parade-safety-1111. Secure a communication plan

Cellphones or two-way radios can keep everyone on the same page.

You can use them in emergencies, of course, but also to tell parents and families when you’re nearing their spot along the parade route.

If you’re using cellphones, make sure you have numbers pre-programmed into your phone. With radios, find an open channel and stick to it.

parade-safety-1212. File your plan and permit

File your application for a BSA tour plan and any other required permits your city or county might need.

Find out more about BSA tour and activity plan at this link.

The tour plan might have changed since the last time you looked at it, so be sure you’re using the new version.

parade-safety-1313. Bring a first aid kit

Have first aid supplies handy.

Have trained adults who know first aid.

Find out what resources will be available at the parade, where they will be located and how to contact them if needed.

parade-safety-1414. Follow applicable laws

Know and follow all parade rules and regulations.

Most community parades have rules that they distribute to all participants.

Be sure to read them carefully.

parade-safety-1515. Bring a CPR-trained adult

Will there be firemen, EMT professionals and CPR-trained police officers all along the parade route?

Probably.

Should you have a CPR-trained adult with your group anyway?

Absolutely.

parade-safety-1616. Promote discipline

An essential part of parade safety is discipline. That means reminding Scouts that marching in the parade is a privilege.

They’re representing the entire Scouting organization to the community.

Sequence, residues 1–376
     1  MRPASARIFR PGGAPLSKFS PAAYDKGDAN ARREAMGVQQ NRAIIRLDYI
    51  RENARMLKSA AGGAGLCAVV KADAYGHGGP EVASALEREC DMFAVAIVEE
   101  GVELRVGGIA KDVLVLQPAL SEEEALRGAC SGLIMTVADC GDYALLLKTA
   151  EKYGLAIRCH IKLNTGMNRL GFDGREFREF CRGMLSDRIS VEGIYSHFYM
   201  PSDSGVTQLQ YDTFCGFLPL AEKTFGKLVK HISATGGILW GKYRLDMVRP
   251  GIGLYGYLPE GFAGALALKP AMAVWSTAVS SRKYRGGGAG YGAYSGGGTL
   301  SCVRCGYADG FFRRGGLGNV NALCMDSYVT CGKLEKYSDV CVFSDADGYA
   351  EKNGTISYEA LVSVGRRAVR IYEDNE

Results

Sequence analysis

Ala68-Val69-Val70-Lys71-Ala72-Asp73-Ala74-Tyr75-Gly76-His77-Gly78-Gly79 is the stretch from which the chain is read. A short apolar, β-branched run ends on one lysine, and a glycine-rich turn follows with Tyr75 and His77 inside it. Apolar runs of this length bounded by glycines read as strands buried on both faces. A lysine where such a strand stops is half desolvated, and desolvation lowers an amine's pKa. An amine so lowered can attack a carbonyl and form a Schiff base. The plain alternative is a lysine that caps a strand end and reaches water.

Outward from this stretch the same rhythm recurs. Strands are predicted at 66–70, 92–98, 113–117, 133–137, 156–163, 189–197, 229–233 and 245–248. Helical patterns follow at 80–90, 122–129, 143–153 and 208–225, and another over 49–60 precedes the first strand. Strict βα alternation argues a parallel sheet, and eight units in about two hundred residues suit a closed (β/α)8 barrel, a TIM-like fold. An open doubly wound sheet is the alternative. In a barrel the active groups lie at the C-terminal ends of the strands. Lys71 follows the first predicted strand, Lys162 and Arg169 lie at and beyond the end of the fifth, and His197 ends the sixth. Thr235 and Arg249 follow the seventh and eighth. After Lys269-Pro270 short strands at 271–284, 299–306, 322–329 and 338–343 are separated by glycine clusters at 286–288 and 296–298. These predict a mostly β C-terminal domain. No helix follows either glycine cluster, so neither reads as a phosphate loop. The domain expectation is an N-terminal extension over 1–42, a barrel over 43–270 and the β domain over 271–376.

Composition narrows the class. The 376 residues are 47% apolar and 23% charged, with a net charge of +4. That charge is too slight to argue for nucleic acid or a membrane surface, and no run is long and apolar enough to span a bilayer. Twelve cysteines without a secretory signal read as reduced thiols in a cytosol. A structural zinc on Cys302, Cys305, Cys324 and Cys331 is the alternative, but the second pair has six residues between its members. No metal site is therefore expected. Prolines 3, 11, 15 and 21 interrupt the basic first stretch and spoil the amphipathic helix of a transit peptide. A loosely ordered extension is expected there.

If you’re a Cub Scout pack, you can have that talk with the boys. If you’re a troop, ask your senior patrol leader to lead the talk.

12 Comments

  1. In regards to #7, from the Guide to Safe Scouting:

    Parade Floats and Hayrides
    The BSA rule prohibiting the transportation of passengers in the backs of trucks or on trailers may be tempered for parade floats or hayrides, provided that the following points are strictly followed to prevent injuries:
    1. Transportation to and from the parade or hayride site is not allowed on the truck or trailer.
    2. Those persons riding, whether seated or standing, must be able to hold on to something stationary.
    3. Legs should not hang over the side.
    4. Flashing lights must illuminate a vehicle used for a hayride after dark, or the vehicle must be followed by a vehicle with flashing lights.

  2. The Guide to Safe Scouting has a section titled “Parade Floats and Hayrides” that states:

    “The BSA rule prohibiting the transportation of passengers in the backs of trucks or on trailers may be tempered for parade floats or hayrides, provided that the following points are strictly followed to prevent injuries:

    1.Transportation to and from the parade or hayride site is not allowed on the truck or trailer.
    2.Those persons riding, whether seated or standing, must be able to hold on to something stationary.
    3.Legs should not hang over the side.
    4.Flashing lights must illuminate a vehicle used for a hayride after dark, or the vehicle must be followed by a vehicle with flashing lights.”

  3. Recently a participant in a parade in Miami was killed when she dropped her cell phone under a stationary float. She reached down as the float started and she was run over by the float. This was an adult. I discussed this with our Scouts who assume that the driver of a vehicle can see them. Not always the case.

  4. I’d love to see one addition to the GSS. Maximum safe speed for floats/trailers in parades. Not with scouts – but I’ve seen drivers speed up when parades do the accordion thing. We’re planning to tow a Sea Scout boat in a parade and if we had a couple wavers in the boat – I’d want to have something firm to follow.

  5. Troop 9212 and Pack 9212 coordinates each year with our local town of Summerville to have folks bring can goods and toys to the parade.

    As the Scouts pass out candy to the crowd, the crowd helps us with a Community Service Project. We collect the toys and food as we march through the city which the parade route is about 2-2.5 miles.